This Week At Irish Election Literature December 16, 2016

Posted by irishelectionliterature in Irish Politics.
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“Watch Out! RTE “News”? Censorship breeds ignorance” leaflet from the Repeal Section 31 Campaign.

A 2014 leaflet from GLEN giving details of the role played by The Labour Party in “The Remarkable Journey towards Equality and Civil Marriage for Lesbian and Gay People in Ireland.” ..what struck me about it wasn’t just the content but the size of the Labour Parliamentary Party pictured in the leaflet.

“Bertie The Local Man” 1989 Leaflet From Bertie Ahern

From March 2014 a leaflet from Sinn Fein outlining their support for a directly elected Mayor for Dublin

Is there always a need for “Balance” ? December 13, 2016

Posted by irishelectionliterature in Irish Politics.

I watched “The Crossing” on RTE last night , a powerful documentary on the LÉ Samuel Beckett’s deployment in the southern Mediterranean. On Screen we saw people rescued , drown, fail to be resuscitated , family members learn that other family members were dead. We also heard horror stories of the journey to the Libyan coast, rape, death and abuse by people traffickers.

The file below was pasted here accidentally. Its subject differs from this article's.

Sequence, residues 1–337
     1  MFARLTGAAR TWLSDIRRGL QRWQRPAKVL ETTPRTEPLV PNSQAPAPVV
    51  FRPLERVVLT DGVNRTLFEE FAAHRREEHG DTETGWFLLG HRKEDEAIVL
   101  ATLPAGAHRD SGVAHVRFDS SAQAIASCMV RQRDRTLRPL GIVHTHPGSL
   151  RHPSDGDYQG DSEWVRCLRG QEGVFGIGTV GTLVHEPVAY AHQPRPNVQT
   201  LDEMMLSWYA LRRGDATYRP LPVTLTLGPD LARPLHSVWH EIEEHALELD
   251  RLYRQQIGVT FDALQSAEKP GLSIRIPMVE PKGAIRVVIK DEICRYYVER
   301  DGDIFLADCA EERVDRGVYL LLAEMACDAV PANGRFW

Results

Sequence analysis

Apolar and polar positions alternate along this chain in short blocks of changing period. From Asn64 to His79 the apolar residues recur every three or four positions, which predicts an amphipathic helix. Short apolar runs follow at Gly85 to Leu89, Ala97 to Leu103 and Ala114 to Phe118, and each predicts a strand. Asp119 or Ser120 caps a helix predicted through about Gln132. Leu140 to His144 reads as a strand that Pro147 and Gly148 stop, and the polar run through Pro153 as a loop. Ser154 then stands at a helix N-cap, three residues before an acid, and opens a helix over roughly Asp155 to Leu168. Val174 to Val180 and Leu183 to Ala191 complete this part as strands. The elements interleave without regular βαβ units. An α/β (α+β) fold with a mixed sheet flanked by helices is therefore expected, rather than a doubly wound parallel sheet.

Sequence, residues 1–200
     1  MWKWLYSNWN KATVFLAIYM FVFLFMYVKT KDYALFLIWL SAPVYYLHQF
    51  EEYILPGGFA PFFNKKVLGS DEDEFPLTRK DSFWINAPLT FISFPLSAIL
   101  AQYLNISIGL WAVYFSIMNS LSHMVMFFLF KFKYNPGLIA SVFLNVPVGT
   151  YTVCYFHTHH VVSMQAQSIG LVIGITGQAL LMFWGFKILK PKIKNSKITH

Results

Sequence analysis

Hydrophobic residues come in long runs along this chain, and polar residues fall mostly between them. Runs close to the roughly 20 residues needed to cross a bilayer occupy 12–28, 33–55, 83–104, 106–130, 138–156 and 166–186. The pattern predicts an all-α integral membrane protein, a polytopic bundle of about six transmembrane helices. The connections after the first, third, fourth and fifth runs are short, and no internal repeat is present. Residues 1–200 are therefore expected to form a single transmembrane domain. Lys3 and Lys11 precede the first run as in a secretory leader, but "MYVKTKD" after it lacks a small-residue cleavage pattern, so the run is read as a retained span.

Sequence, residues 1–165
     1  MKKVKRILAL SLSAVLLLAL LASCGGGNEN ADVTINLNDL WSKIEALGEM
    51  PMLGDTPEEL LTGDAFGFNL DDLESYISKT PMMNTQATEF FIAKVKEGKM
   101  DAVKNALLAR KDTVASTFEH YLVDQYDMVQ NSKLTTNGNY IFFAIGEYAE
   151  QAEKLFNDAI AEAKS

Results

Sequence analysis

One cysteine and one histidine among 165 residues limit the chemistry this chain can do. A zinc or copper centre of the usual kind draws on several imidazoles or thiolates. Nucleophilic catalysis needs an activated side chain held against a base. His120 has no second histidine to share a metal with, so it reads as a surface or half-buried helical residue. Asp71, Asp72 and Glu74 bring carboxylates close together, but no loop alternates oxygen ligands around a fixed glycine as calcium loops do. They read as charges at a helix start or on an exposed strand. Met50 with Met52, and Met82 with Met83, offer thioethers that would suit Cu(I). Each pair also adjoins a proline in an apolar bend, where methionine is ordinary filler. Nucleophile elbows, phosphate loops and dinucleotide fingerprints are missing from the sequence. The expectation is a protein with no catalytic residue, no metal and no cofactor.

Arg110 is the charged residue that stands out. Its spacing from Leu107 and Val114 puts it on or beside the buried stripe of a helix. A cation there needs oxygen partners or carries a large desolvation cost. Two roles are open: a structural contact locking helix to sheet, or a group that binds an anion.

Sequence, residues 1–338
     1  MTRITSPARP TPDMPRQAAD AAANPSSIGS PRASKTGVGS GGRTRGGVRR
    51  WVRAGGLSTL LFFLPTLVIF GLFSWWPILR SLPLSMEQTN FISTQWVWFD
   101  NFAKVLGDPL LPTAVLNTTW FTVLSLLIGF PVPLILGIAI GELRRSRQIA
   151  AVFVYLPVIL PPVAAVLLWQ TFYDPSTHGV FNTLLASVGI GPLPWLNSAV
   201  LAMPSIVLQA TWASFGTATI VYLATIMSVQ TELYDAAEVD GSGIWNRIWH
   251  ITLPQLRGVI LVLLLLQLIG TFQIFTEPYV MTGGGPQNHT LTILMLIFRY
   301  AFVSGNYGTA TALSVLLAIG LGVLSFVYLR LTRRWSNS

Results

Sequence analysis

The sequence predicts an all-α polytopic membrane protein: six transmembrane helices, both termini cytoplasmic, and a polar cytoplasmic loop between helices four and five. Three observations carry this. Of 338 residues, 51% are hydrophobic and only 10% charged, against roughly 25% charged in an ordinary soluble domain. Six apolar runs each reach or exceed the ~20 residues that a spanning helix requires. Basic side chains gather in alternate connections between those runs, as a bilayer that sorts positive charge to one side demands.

An ad break later and we had “Claire Byrne Live”… members of the Defence Forces who had served on ships in the southern Mediterranean were introduced and interviewed. They told stories of their time aboard the Navy’s vessels ……. we were then introduced to Minister Paul Kehoe who echoed all our sentiments in praising the work of our Defence Forces and the work in this crisis….. and then we were introduced to actor Liam Cunningham and the ‘Journalist’ Ian O’Doherty.
O’Doherty was his usual objectionable self and after a few minutes I just had to turn off. Why though did they have him on? presumably he was on for “balance” but do we actually need this “balance” when discussing some issues? What topic is there that having “balance” would now be beyond the pale?
It’s one thing in a Referendum where RTE are obliged to have “balance” and certain people get their 15 minutes of fame, but there seems to be a growing trope of Irish Katie Hopkins impersonators only willing to appear on the airwaves to provide “balance” no matter how odious the subject or their views. I can’t believe these people are Ratings winners or am I alone in switching off?